After all this high culture, it was time to head into the country. We decided to go east to Debdou and then south, across the Plain of Rekham to Boudnib. The road to Debdou was on tarmac and not terribly interesting. Just beyond this little town, however, we climbed on top of the plain, at an altitude of about 1400 meters, where the tarmac changed into a track. As it was getting dark, we set up camp a few hundred meters from the main road, with fantastic views over the area around us.

The next day we drove south over the plain. This is the Moroccan desert.

We camped once more in the wild in a dry river bed.

The next day we reached the campsite near Boudnib, run by a French couple. It is excellent!

To Erg Chebbi

The road to Erg Chebbi from Boudnib is beautiful. We pass an oasis, a little stream and, as we get further south, sand is slowly taking over the rocky desert.

The dunes of Erg Chebbi are famous. They conform completely to our cliché picture of the Sahara Desert: sand wherever you look. The light in the morning and evening is beautiful. It’s fun to drive through, though not without risk. You get stuck easily and going over the edge of a dune can be a hairy experience: if you haven’t done a reccce first (most people haven’t), you don’t know what’s at the other side and may be in for quite a surprise. The best thing to do is to hire a local guide who rides in front of you on his moped. And have a swim afterwards in our comfortable hotel.


Tinghir is a small town at the south side of the High Atlas Mountains. It is notable for its large oasis with palm trees, figs, pomegranates and olives. The old clay town is charming and well worth a visit.

From Tinghir the road leads north into the Gorge du Todra into the High Atlas.

Into the Atlas Mountains

The road winds through the beautiful landscape of the Gorge du Todra.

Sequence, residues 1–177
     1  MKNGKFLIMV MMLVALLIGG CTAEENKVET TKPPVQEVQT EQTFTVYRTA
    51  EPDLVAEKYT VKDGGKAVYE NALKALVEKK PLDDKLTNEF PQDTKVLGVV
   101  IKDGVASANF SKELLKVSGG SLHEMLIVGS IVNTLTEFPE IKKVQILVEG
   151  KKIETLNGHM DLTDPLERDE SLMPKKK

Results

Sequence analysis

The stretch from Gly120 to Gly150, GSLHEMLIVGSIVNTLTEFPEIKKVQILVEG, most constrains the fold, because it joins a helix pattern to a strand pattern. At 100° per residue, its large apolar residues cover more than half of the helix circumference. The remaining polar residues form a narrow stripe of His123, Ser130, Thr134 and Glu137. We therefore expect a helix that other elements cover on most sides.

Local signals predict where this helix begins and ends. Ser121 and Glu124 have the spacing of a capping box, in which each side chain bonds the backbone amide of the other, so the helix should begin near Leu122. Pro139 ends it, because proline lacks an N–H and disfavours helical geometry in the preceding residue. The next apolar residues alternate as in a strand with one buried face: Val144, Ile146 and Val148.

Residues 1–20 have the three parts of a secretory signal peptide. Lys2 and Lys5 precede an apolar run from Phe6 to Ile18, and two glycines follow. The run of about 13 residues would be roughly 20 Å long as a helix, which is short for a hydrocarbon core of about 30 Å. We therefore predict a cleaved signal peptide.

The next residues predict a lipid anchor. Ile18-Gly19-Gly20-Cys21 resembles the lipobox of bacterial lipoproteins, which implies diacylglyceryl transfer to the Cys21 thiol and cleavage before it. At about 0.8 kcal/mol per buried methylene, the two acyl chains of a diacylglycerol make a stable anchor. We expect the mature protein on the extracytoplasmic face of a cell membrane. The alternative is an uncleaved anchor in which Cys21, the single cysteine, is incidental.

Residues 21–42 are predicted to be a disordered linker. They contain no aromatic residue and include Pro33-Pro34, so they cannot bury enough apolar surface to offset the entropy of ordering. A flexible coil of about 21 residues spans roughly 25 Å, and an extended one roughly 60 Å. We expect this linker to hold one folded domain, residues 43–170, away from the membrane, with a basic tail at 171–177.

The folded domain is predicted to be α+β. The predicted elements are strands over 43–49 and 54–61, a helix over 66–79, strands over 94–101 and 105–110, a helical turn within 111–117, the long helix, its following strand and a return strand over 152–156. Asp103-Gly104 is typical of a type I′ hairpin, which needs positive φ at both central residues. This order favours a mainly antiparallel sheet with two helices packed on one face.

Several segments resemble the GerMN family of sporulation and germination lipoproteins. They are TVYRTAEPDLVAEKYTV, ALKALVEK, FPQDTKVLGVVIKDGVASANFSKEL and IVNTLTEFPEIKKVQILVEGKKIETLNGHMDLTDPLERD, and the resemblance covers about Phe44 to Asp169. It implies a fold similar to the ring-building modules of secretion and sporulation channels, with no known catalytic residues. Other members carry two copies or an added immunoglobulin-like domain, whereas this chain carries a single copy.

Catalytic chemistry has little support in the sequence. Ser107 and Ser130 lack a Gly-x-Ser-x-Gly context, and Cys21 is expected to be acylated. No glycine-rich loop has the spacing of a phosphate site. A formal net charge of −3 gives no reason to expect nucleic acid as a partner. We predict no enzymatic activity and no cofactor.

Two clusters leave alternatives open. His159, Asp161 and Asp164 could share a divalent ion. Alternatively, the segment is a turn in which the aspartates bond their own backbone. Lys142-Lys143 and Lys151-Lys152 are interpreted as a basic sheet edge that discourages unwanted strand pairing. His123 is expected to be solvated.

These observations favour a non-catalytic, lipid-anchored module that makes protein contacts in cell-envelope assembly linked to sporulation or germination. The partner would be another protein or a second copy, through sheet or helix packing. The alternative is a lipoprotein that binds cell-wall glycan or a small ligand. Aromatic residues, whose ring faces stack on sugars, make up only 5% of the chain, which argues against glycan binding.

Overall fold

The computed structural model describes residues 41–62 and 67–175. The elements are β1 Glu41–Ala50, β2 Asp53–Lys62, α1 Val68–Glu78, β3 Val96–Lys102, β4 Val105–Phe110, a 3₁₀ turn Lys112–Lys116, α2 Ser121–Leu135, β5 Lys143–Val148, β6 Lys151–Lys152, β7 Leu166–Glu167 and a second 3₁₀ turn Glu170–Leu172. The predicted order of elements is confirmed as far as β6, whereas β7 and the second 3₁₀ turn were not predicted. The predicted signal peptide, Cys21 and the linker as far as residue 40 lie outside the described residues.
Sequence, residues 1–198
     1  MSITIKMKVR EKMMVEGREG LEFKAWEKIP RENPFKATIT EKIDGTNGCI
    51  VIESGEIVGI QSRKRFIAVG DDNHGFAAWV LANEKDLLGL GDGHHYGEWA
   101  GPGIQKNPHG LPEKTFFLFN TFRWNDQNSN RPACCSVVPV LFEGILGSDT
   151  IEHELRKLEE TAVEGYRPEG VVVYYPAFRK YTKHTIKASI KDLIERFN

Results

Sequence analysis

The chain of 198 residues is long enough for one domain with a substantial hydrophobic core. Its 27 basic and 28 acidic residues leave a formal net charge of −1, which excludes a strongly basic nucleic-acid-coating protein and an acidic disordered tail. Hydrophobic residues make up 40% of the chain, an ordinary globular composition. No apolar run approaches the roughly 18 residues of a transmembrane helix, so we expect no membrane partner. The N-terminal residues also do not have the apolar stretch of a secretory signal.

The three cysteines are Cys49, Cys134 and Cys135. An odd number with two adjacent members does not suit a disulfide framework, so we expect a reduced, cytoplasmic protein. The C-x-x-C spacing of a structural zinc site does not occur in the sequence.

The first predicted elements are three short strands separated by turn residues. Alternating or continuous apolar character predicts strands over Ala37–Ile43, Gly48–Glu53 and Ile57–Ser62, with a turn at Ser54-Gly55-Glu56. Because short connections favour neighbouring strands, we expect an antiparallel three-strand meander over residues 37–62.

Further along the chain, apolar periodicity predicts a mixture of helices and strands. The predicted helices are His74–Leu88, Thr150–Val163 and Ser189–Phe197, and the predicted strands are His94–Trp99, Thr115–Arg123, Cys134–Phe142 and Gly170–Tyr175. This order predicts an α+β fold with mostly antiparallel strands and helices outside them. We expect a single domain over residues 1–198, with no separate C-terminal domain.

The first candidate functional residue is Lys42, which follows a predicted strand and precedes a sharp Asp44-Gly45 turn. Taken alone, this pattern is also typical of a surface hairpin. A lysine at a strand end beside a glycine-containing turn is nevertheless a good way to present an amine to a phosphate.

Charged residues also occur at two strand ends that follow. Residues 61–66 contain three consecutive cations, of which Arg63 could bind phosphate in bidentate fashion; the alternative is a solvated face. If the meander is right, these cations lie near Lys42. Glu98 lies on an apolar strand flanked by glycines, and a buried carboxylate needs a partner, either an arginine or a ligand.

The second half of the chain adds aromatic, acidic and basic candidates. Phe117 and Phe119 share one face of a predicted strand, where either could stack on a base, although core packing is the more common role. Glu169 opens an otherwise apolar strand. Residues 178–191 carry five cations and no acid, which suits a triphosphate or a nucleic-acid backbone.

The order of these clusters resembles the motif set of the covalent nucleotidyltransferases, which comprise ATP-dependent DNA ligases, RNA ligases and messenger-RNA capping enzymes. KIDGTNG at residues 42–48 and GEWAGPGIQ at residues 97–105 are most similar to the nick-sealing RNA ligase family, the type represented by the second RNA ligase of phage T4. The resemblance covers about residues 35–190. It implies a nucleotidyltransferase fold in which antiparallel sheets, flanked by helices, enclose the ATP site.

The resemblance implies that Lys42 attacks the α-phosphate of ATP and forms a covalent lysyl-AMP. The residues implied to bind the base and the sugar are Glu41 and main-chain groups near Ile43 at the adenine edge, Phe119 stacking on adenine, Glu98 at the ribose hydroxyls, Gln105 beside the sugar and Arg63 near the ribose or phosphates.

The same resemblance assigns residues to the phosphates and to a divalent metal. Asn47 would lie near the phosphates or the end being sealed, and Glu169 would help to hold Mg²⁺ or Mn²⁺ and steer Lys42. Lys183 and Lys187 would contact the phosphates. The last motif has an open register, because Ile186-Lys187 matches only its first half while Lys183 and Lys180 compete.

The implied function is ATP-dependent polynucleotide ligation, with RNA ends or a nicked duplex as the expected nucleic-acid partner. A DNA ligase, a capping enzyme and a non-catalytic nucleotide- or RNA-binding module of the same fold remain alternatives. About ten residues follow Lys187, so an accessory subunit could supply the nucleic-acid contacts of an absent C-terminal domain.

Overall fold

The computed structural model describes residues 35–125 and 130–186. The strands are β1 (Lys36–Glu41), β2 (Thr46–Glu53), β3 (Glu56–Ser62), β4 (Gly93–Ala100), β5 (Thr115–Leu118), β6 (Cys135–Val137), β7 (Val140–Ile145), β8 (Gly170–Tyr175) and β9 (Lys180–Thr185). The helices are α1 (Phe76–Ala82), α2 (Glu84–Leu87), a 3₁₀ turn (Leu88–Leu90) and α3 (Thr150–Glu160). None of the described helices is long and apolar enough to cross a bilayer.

From the Gorge du Todra to the Gorge des Dades

There is a fantastic track leading from the Gorge du Todra to the more famous Gorge des Dades. Starting just north of Tamtatouchte, it leads over a mountain ridge down into a valley with a dry river bed. At first the going is easy, with great views, and then suddenly the track stops. You have to drive into the river bed and find your way. Interesting!

Gorge des Dades and Imilchil

We stayed overnight in a M’Semrir, in Hotel Aït, where we were treated to Moroccan hospitality.

The next day we set off for Imilchil, north through the Dades Valley.

We were lucky to be travelling on a Thursday, when there is a lively soukh in Iznaguen, a village some 30 kms north of M’Semrir. Here the production cycle from live animal to meat on the counter is a matter of minutes and a few hundred meters.

Towards sunset we reached the two lakes near Imilchil, Tislite and Isli (bride and bridgroom). The origin of these lakes goes back to the time when a girl from the Aït-Yassa tribe was not allowed to marry a boy from the AÏt-Brahims. The two lovers cried so hard, that the two lakes formed in the mountains. The beauty of their love shines through in the beauty of these lakes.

Imilchil lies at an altitude of 2120 mtr. It is often cold and today was no exception. We stayed in a hotel as the only guests. In the morning you could see the frost over the fields.

On our last day before we headed back to Tanger Med, we had breakfast near the lake and via a short track across the Middle Atlas Mountains reached the motorway for Casablanca.